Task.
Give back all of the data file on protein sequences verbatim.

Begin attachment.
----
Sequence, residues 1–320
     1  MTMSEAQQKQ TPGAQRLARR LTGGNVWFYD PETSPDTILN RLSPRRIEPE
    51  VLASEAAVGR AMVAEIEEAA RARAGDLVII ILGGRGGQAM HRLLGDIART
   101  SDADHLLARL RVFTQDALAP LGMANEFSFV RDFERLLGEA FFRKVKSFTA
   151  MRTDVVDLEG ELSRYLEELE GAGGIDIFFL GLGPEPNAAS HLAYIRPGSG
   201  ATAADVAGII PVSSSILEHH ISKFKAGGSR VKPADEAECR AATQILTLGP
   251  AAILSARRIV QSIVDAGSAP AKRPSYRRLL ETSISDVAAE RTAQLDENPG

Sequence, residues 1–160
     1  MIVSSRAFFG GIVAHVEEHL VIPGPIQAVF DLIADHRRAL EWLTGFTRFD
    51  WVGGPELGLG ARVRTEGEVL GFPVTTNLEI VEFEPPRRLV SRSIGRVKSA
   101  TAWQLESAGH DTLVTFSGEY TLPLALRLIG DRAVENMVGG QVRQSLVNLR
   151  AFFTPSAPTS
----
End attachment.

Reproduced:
Sequence, residues 1–320
     1  MTMSEAQQKQ TPGAQRLARR LTGGNVWFYD PETSPDTILN RLSPRRIEPE
    51  VLASEAAVGR AMVAEIEEAA RARAGDLVII ILGGRGGQAM HRLLGDIART
   101  SDADHLLARL RVFTQDALAP LGMANEFSFV RDFERLLGEA FFRKVKSFTA
   151  MRTDVVDLEG ELSRYLEELE GAGGIDIFFL GLGPEPNAAS HLAYIRPGSG
   201  ATAADVAGII PVSSSILEHH ISKFKAGGSR VKPADEAECR AATQILTLGP
   251  AAILSARRIV QSIVDAGSAP AKRPSYRRLL ETSISDVAAE RTAQLDENPG

Sequence, residues 1–160
     1  MIVSSRAFFG GIVAHVEEHL VIPGPIQAVF DLIADHRRAL EWLTGFTRFD
    51  WVGGPELGLG ARVRTEGEVL GFPVTTNLEI VEFEPPRRLV SRSIGRVKSA
   101  TAWQLESAGH DTLVTFSGEY TLPLALRLIG DRAVENMVGG QVRQSLVNLR
   151  AFFTPSAPTS